Print. Wood, Ralph C. The Gospel According to Tolkien: Visions of the Kingdom in Middle-Earth. Louisville, KY: Westminster John Knox, 2003. Print.
The morality of revenge is often difficult to evaluate, and the struggle to determine whether it is the path to justice or evil subtlety permeates through J.R.R. Tolkien's The Hobbit. In the novel, the morality of vengeance does not fall into the clearly set lines between good and evil. This grey area is a hallmark of Tolkien's background, for his religion and academic studies have conflicting stances on revenge. His faith criticizes revenge and promotes forgiveness, yet he was a scholar of Anglo-Saxon literature which portrays revenge as the noble route to justice.
NY: Houghton Mifflin Company, 2003. Steward, W. Christopher: “The Lord of Magic and Machines. Tolkien on Magic and Technology.“ The Hobbit and Philosophy: For when you've Lost your Dwarves, your Wizard, and your Way. Gregory Bassham and Eric Bronson, eds. The Blackwell Philosophy and Pop Culture Series.
The Lord of the Rings: The Making of the Movie Trilogy. New York: Houghton Mifflin Company, 2002. 170, 171. Tolkien, JRR. The Letters of JRR Tolkien.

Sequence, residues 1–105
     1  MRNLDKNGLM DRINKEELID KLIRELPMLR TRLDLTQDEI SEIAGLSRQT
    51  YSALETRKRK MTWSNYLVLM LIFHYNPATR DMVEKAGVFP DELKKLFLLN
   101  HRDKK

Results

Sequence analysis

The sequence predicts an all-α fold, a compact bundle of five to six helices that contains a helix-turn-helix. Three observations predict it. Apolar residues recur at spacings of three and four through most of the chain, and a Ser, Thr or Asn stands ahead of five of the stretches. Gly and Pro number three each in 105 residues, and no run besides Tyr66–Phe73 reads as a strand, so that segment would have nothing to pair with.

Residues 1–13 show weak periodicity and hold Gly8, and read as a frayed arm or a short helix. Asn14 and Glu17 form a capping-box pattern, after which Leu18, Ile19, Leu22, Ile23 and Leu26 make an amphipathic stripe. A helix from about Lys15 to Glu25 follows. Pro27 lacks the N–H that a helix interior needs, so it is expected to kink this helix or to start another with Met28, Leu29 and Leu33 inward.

In the article “Revenge and Moral Judgement in Tolkien”, Brian Rosebury explores the complexities of revenge within the rigid moral framework of Middle-earth. Tolkien's Christian faith promotes forgiveness and discourages vengeance; however, in his professional career he studied the tales of the pre-Christian North, where vindictive behaviour is encouraged. Due to his background, he does not condone nor completely dismiss revenge as a proper course of action. Instead, he presents acts of revenge that range from condemnable to subtlety acceptable. To add another layer of complexity, Tolkien invents sensible, sympathetic characters that are motivated by spite and want retribution.
We can see this in his book about the ring, The Lord of the Rings. In his book, Tolkien writes about a myth and a struggle for life, which leaves the reader puzzled and trying to figure out what the characters will do next. However, The Lord of the Rings can be described as heroism because the characters are willing to do whatever it takes to destroy the ring in the presence of life and death. Historical Source Basney, Lionel. Myth, History, and Time in The Lord of the Rings.